(Bangkok, May 14, 2015) – Thailand, Malaysia, and
Khaosod English: Thai officials say they have uncovered yet another abandoned camp used by human smugglers to detain Rohingya refugees near the Malaysian border, the largest of five sites found in a sweep that started at the beginning of the month. According to police, the jungle camp is located three kilometers away from the first site found by security officers in Songkhla province on 1 May.
JAKARTA, 13 May 2015 – ASEAN Parliamentarians for Human Rights (APHR) today criticized Indonesia’s approach to dealing with the influx of migrants in the midst of an escalating regional refugee crisis. The condemnation follows Indonesian authorities’ decision to tow a boat carrying around 400 migrants from Myanmar and Bangladesh back into international waters after it arrived off the coast of Aceh province early Monday morning. “Towing migrants out to sea and declaring that they aren’t your problem anymore is not a solution to th
JAKARTA, 8 May 2015 — The horrific discovery of dozens of bodies of trafficking victims in southern Thailand represents yet another disturbing outcome of a collective lack of leadership on the part of regional governments to address the pervasive problem of human trafficking and the unfolding tragedy for Rohingya Muslims, said ASEAN Parliamentarians for Human Rights (APHR) this week.
(New York, May 2, 2015) – The discovery of more than 30 bodies in a human trafficking camp should prompt Thai authorities to authorize an independent, United Nations-assisted investigation, commit to publish its findings, and bring those responsible to justice, including any government officials involved, Human Rights Watch said today.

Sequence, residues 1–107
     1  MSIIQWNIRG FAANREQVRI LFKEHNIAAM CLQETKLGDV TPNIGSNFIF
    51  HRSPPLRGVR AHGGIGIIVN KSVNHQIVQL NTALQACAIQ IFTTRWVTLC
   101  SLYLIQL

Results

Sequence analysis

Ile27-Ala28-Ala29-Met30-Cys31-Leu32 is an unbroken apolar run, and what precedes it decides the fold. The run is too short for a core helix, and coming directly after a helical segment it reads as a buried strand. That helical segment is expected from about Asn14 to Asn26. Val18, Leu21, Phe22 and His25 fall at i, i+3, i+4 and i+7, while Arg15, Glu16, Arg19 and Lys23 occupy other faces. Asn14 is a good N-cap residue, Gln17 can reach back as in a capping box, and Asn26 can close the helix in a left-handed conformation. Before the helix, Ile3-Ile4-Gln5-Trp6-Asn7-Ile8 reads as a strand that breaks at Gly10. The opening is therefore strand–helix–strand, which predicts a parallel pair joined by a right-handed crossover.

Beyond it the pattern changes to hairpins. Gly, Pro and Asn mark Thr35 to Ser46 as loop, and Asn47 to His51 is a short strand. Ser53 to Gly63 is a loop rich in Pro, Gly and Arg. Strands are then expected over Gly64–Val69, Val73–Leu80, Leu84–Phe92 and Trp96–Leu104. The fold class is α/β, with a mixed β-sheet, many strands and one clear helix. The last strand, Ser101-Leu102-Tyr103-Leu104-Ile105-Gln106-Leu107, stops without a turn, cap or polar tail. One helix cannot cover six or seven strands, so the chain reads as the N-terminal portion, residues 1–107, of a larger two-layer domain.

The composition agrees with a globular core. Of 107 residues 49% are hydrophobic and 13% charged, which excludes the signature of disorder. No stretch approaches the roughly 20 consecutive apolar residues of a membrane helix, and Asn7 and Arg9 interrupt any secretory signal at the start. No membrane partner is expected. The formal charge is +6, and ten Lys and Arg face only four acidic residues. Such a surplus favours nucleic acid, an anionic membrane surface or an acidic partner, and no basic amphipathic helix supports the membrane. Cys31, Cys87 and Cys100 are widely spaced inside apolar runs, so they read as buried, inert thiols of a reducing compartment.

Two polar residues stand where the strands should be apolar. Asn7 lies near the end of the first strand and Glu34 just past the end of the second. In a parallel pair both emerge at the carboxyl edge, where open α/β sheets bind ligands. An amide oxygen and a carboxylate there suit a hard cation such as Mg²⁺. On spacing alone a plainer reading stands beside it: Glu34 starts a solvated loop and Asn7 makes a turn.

JAKARTA, 30 April 2015 — Recent statements by Malaysia’s Foreign Minister recognizing the regional significance of the plight of Rohingya Muslims in Myanmar are a step in the right direction, but ASEAN leaders must take concrete action to address the growing crisis, said ASEAN Parliamentarians for Human Rights (APHR) this week.
(New York, April 17, 2015) – Thai authorities should drop criminal proceedings against two journalists for reporting on trafficking of ethnic Rohingya “boat people,” Human Rights Watch said today. Alan Morison and Chutima Sidasathian, the editor and correspondent of the news website Phuketwan, were charged one year ago, on April 17, 2014, with criminal defamation and the Computer Crimes Act based on a complaint filed by the Thai navy.
Khaosod English : Two Thai men have been arrested for allegedly trafficking nearly 400 Rohingya into southern Thailand.
Coast guards have been struggling to take control of an abandoned cargo ship heading for the Thai coast on automatic pilot. The ship is thought to be carrying hundreds, if not thousands, of unregistered human rights violations. International maritime authorities believe that the ship and its desperate cargo have been left to their fate by unscrupulous National Human Rights Commissioners.
Phuket police have issued summonses for Reuters and two Reuters reporters, one of whom is a member of the team which won Pulitzer, to hear charges with respect to a story which accused the Thai Navy of involvement in human trafficking of ethnic Rohingya refugees. The content was similar to that which was previously used to bring charges against Phuketwan journalists, according to Phuketwan.